DOJ's Lawsuit Blocking AT&T-T-Mobile Merger Welcome News for People of Color
Yesterday the U.S. Department of Justice filed an antitrust lawsuit to block the $39 billion merger between AT&T and T-Mobile. This is great news for communities of color, who disproportionately rely on wireless service to make phone calls and access the Internet.
The DoJ concluded the merger would lead to "higher prices, fewer choices and lower quality products" for millions of wireless users.
Even though AT&T has vowed to fight today's decision in court, the announcement is welcome news for our community, which has been devastated by the nation's economic crisis.
"Blocking this merger is a major victory for communities of color, rural communities and America's poor," said amalia deloney, grassroots policy director for the Center for Media Justice. "The Justice Department has taken seriously our real concerns about higher prices, fewer choices and massive job loss."
The proposed merger would result in AT&T and Verizon controlling nearly 80 percent of the wireless market. It would also likely lead to higher wireless prices, making it that much more difficult to close the digital divide. The high cost of Internet access is a primary reason why so many people of color remain disconnected.
Of the four national carriers, AT&T offers the most expensive plans while T-Mobile's plans are the most affordable. So it is no surprise that nearly half of T-Mobile's customers are people of color.
And the merger would result in major job losses for communities of color. AT&T is expected to cut up to 20,000 T-Mobile workers, and people of color make up 48 percent of T-Mobile's workforce.
The Justice Department's decision comes as a relief for many who believed it would rubberstamp the merger -- bowing to one of the most powerful corporations in the country and its army of high-priced lobbyists -- rather than protect consumers by enforcing antitrust laws.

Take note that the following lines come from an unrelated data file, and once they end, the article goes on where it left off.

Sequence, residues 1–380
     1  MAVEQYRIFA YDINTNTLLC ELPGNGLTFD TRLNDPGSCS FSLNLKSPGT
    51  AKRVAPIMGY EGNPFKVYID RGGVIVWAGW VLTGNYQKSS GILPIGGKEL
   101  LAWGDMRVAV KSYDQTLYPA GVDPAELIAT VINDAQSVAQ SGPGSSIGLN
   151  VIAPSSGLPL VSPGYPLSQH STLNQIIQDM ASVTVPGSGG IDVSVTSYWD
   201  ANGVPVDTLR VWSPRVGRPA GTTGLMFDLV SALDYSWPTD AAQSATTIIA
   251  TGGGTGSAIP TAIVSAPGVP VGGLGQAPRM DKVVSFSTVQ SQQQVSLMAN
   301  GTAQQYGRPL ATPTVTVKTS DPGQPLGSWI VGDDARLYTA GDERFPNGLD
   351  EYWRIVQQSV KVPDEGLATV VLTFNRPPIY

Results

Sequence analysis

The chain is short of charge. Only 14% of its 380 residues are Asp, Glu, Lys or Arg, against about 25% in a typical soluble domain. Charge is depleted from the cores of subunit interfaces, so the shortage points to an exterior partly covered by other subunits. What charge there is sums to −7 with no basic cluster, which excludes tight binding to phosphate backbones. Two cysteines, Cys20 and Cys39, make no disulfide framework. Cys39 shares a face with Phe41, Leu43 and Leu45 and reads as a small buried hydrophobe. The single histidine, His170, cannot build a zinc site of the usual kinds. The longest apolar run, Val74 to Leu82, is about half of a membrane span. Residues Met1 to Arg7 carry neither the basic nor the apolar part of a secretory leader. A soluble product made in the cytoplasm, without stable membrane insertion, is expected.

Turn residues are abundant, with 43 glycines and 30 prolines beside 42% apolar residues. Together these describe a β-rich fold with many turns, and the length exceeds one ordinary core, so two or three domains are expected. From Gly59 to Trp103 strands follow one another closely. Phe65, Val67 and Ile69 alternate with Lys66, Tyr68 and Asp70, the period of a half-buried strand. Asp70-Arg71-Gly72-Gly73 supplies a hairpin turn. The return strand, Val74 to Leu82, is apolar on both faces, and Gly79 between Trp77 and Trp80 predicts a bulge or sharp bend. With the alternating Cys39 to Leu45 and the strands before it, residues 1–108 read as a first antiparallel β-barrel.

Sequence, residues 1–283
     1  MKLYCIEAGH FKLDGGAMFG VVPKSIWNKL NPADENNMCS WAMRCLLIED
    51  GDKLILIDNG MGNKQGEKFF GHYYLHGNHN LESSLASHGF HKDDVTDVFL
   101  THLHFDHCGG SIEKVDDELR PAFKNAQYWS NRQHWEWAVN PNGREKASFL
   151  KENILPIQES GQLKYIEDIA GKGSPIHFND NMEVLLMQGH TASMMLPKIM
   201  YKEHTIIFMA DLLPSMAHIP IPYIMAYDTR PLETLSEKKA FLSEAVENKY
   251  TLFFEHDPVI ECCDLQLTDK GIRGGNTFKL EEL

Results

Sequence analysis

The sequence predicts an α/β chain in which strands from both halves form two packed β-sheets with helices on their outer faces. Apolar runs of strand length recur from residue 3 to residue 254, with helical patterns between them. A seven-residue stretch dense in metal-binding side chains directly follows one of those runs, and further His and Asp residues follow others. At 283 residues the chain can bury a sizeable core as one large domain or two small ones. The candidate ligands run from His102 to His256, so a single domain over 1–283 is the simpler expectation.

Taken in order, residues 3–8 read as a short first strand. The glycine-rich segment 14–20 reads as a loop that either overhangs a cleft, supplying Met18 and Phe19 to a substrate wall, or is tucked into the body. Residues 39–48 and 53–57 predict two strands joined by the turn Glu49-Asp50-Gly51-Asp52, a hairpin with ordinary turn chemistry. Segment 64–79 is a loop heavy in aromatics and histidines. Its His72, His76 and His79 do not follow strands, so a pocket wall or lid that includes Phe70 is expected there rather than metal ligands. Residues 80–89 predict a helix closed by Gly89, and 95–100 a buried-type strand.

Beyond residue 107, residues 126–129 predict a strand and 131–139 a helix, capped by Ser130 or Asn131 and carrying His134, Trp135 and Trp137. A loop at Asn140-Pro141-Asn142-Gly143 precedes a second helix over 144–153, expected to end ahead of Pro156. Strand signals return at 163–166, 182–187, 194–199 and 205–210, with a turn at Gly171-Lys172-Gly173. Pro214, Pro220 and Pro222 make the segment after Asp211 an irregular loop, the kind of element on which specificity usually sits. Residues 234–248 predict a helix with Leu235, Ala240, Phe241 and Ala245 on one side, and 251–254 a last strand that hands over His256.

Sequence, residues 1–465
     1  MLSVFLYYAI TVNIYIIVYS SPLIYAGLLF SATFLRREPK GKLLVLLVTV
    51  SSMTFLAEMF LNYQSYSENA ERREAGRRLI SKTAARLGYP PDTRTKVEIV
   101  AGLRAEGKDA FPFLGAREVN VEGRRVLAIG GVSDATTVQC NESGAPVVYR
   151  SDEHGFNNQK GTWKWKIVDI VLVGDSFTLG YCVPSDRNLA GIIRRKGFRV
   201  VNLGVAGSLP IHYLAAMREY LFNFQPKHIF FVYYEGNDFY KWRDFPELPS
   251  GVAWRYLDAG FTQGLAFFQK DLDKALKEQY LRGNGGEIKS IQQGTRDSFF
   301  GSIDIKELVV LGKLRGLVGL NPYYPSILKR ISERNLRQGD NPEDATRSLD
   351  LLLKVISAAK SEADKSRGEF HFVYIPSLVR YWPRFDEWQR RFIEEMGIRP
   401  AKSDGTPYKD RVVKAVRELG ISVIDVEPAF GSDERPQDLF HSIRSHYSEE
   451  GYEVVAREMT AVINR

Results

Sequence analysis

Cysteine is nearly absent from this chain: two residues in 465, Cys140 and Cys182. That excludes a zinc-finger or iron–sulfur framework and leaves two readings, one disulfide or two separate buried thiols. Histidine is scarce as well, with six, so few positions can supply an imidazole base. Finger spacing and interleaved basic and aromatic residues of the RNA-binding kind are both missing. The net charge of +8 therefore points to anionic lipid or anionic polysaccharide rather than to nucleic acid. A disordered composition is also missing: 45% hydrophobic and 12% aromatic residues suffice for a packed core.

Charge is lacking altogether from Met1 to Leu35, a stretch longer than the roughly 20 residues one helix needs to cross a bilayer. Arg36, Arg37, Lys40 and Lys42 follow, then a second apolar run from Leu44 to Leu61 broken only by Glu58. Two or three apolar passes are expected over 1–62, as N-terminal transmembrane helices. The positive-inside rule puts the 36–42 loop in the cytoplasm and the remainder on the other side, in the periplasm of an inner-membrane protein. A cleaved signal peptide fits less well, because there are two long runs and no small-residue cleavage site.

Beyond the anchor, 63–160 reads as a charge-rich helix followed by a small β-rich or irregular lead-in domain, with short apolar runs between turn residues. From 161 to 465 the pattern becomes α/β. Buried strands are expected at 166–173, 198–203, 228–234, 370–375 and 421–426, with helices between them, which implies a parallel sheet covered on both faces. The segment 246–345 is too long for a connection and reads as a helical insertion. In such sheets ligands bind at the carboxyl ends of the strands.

"As Americans struggle in today's economy, the Department took an important step to ensure that consumers have continued access to affordable mobile services and new technologies," said Rep. John Conyers (D-Mich.), ranking member on the House Judiciary Committee. "The action will protect American consumers and American jobs, the very purpose of our antitrust laws."
We recently learned that AT&T's main argument for seeking approval of the merger -- that it could not build out its 4G network to 97 percent of the population without acquiring T-Mobile -- was a lie.
AT&T's true motives for pursuing the merger were disclosed earlier this month when the company mistakenly released unredacted confidential documents it filed with the FCC. The information revealed the company rejected a plan to build out its 4G network to 97 percent of the population at a cost of $3.8 billion. The company decided it wouldn't be profitable to do so. Instead, AT&T decided it was better business to spend $39 billion -- 10 times as much -- to take out a competitor.
In lobbying for support of the merger, AT&T misled dozens of lawmakers and civil rights groups, including the NAACP, the League of United Latin American Citizens and the National Urban League, all of whom called on the DoJ and the FCC to approve this deal on the basis of the carrier's (false) claims.
Hopefully, lawmakers and civil rights groups will reexamine their positions and rescind their support of a merger that is clearly not only bad for our communities but bad for our country.
By Joe Torres